In the past two years we’ve seen criminal charges laid against a real estate agent for a racist post, a businessman locked up abroad over a video of the Guptas and a holidaymaker shunned by his family and colleagues after posting an offensive video on Facebook. Incidents like these highlight the fact that posting on social media is never really private and can have serious long-term repercussions if picked up by the general public.
'Social networks market themselves as a space where you can share intimate and personal experiences with friends and family. Because you need to create an account and log in with a password, there’s this seeming appearance of a veil of privacy around your social media activity,' says social media specialist Megan Singh.
But, she explains, your privacy depends on the security settings on your account. She adds: 'If you haven’t taken the time to look into those settings, the content you share on your social accounts is pretty much available to everyone on that particular social network, even though you have to log in to access it. Taking the time to update your privacy settings is really important. It could not only save you from potentially embarrassing situations, but financially risky and life-threatening ones too.'
It’s a crime
According to Megan, there’s no specific law in South Africa governing the use of social media, but our constitutional rights (to dignity, equality, privacy and freedom of expression) play an important role. 'Before the advent of social media, derogatory, insulting and socially unacceptable views were not as easily disseminated to the public and the hurt caused was not as widespread. But South Africans can no longer hide behind freedom of speech or expression as a defence for saying abusive, hurtful or hateful things. My right to expression ends where it infringes on your right to dignity,' she explains.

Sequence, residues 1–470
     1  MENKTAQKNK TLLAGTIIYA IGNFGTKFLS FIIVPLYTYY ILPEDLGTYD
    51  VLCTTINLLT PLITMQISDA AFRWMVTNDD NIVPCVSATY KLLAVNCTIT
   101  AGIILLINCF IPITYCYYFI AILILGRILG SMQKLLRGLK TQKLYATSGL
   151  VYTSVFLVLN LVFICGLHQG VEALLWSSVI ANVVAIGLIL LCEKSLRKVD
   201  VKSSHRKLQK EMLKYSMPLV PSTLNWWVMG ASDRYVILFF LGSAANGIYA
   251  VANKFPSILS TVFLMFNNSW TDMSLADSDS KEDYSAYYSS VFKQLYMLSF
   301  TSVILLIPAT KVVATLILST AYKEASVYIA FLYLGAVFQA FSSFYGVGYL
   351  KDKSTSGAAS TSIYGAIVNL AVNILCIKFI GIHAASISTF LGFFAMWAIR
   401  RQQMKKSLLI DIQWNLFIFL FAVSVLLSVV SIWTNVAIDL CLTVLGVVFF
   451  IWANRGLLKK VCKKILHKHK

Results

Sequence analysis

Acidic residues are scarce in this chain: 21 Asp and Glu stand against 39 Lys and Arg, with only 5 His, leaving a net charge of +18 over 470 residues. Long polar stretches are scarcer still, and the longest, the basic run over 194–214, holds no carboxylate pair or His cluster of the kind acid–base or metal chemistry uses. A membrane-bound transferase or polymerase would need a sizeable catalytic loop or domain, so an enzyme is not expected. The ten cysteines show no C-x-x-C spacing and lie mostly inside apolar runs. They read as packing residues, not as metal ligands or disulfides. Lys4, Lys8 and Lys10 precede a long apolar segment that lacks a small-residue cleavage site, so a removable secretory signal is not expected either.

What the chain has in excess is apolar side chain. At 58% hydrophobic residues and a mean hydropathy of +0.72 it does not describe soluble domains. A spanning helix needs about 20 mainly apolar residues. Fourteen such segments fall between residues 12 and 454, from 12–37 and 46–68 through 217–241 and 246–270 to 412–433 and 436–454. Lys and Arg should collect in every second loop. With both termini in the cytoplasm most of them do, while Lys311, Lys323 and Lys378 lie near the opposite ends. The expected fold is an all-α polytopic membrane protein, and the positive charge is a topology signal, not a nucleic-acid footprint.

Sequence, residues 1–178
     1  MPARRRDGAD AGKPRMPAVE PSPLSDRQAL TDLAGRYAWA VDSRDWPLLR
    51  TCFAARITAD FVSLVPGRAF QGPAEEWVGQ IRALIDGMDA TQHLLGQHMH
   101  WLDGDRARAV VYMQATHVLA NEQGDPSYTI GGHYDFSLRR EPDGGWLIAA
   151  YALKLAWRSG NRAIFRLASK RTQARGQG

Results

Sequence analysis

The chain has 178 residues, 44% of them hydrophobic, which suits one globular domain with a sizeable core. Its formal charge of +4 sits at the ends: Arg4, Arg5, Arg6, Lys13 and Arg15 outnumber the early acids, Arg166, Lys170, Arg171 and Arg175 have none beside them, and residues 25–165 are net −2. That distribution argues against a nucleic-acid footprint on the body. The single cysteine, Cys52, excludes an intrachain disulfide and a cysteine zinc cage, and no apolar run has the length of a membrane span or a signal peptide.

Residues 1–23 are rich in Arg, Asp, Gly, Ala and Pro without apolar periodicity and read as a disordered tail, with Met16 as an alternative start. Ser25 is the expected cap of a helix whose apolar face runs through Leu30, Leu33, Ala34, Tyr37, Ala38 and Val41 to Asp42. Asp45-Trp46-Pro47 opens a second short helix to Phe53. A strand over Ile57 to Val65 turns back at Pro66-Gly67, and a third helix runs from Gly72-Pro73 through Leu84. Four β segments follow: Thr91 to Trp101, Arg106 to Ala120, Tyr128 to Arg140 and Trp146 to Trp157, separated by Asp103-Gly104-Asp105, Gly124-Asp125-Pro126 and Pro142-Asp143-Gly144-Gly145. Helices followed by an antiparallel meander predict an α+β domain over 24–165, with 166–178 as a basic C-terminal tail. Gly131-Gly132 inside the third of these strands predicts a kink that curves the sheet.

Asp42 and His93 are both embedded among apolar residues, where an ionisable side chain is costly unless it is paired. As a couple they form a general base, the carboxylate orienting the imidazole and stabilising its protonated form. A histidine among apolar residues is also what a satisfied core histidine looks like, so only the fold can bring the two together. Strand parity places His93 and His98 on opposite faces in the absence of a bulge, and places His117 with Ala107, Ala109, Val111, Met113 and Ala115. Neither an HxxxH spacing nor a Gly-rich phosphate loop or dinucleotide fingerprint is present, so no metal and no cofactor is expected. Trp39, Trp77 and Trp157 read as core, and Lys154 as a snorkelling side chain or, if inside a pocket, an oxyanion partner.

And this doesn’t only apply to content you’ve created; be careful of sharing posts that could be deemed offensive. 'If you share something defamatory, you will be held just as liable as the original creator or poster of that content because you will be seen as further distributing that content,' says Megan, adding that should you come across an offensive post you are within your rights to report that content to the social media platform. 'Don’t try to get involved in the matter yourself by commenting – you could be seen as participating – rather escalate it to the proper authorities.'
Before you post
Megan suggests the following considerations whenever you’re posting or sharing on social media:
Think before you tweet.
- Stay away from social media if you:
- Have had a few drinks;
- Have to ask a friend if you should post or not;
- Are angry or emotional; or
- It’s later than 4am.
- Always ask: 'What’s the potential harm?'
- Direct Messages (DMs) and WhatsApp messages should be treated as public forums because their content could be considered to be in the public interest.
- You have the right to freedom of speech, but you also have a duty to respect the rights of others.
Save on social
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